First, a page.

Traditional screening methods for prostate cancer might overlook the disease in one in seven cases, according to a new study.
In traditional screening for prostate cancer, a physician will take six tissue samples from the prostate. But for this new study, researchers expanded the number of tissue samples to 12.
The additional samples yielded evidence of cancer in 10 of the 74 study subjects.
"That's a substantial portion of cancers that would have been missed if we hadn't done a more extensive set of biopsies," said Robert Bahnson, a study co-author and a professor of surgery and chief of urology at Ohio State University.
This year alone, physicians expect to detect an estimated 198,000 new cases of prostate cancer.
"Somewhere between 10 and 20 percent of the cancers in these men might otherwise be missed by using the traditional biopsy approach."
The study appears in a recent issue of the journal Urologic Oncology.
Bahnson used what's called the extended sector biopsy. Ordinarily, a physician takes six tissue samples from the outer rim of the prostate.
Bahnson took an additional six tissue samples from inside the gland of the 74 subjects. These men underwent biopsies because preliminary tests showed either an elevated level of prostate specific antigen (PSA) and/or a digital rectal exam found a possible abnormality.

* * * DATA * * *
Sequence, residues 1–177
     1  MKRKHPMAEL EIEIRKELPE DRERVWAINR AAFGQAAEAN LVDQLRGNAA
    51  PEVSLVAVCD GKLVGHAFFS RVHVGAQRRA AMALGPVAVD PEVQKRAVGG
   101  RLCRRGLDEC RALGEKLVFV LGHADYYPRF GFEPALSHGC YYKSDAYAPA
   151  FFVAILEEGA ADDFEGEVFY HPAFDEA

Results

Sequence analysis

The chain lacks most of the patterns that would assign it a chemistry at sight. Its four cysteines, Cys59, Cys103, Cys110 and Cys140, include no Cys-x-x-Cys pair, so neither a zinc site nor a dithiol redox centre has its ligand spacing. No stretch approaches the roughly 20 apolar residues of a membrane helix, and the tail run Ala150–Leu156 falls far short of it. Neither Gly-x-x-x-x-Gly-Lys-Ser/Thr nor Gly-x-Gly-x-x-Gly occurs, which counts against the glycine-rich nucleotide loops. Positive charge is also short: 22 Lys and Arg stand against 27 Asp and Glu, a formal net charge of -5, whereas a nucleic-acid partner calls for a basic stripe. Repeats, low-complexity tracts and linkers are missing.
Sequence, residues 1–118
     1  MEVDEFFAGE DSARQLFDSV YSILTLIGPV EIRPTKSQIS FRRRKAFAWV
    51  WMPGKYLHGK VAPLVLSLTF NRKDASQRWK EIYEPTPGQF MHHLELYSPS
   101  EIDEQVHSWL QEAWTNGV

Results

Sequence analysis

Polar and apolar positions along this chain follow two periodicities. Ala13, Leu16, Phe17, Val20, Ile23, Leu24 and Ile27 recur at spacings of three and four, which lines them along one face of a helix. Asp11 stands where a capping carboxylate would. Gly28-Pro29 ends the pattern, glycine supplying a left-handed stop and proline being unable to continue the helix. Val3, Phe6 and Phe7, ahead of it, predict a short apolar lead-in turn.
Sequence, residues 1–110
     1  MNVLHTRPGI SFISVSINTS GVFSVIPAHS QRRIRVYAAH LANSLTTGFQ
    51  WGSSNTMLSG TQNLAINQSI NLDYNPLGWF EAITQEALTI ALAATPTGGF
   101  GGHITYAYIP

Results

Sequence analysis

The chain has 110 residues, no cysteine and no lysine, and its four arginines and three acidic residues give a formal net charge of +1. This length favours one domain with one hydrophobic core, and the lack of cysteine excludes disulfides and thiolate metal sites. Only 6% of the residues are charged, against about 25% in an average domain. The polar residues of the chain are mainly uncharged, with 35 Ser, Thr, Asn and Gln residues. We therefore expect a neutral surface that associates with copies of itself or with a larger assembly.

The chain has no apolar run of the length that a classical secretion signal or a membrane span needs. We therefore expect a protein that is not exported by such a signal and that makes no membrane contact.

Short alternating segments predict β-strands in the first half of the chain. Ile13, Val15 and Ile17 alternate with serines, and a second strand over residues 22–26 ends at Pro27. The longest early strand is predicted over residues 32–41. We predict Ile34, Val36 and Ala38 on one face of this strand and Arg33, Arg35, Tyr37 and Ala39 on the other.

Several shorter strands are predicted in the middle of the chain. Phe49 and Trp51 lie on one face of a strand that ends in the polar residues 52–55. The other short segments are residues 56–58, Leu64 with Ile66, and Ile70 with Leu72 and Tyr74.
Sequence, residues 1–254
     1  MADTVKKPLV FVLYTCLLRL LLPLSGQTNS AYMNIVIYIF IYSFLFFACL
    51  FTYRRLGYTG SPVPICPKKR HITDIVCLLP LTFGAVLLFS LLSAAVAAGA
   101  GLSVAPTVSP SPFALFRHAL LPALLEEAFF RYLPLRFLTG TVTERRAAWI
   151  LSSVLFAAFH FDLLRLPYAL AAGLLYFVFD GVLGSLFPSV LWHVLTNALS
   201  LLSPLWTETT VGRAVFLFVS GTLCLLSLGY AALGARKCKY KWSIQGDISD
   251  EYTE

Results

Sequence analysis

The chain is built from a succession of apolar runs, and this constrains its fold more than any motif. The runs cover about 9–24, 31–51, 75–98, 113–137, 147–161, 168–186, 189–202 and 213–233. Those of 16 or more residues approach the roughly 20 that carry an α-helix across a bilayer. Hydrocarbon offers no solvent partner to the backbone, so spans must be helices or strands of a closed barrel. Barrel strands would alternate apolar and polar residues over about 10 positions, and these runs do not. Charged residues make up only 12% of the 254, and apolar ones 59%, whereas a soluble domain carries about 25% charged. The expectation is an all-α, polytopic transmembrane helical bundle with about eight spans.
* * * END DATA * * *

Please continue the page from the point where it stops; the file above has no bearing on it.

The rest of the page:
"The prostate is like a sphere," Bahnson said. "The area where cancer is most often found is kind of like a horseshoe around the outside." The six additional areas are just inside this horseshoe area.
Forty subjects in the study tested positive for adenocarcinoma -- cancer of the lining or inner surface of an organ. In 10 of these men (13.5 percent of the study group), cancer was found only in one or more of the six additional areas.
Bahnson and his colleagues now use the extended sector biopsy test as a matter of routine, and have reduced the biopsy number to 10 tissue samples.
"Cancer is rarely detected in the inner portion of the prostate," he said.
Detecting prostate cancer in its early stages has gotten easier for doctors and patients alike. The advent of the PSA measurement -- a test used to screen for cancer -- has led to a "tremendous increase in the number of routine biopsies performed each year," Bahnson said.
Also, the age at which cancer is diagnosed has gotten younger, from 71 years in the pre-PSA era to 67 years after the development of the PSA test.
Detecting the number of organ-confined cancers has risen from 13 to 30 percent, also since the advent of the PSA. While using a more extensive biopsy technique won't result in the same kind of jump in detection rates, performing the extended sector biopsy will cut down on a patient's time and cost for treatment.
"One of the reasons for doing a more extensive biopsy is that there is a certain percentage of patients who we bring back for a second biopsy and do find cancer," Bahnson said. "If we can eliminate the need for a second biopsy, all the better for the patient."
Bahnson co-authored the study with Paul Arnold and Theodore Niemann, all of the division of urology at Ohio State.
Support for this research came from The Charles S. & Mary Coen Family Foundation.
[Contact: Robert Bahnson, Holly Wagner ]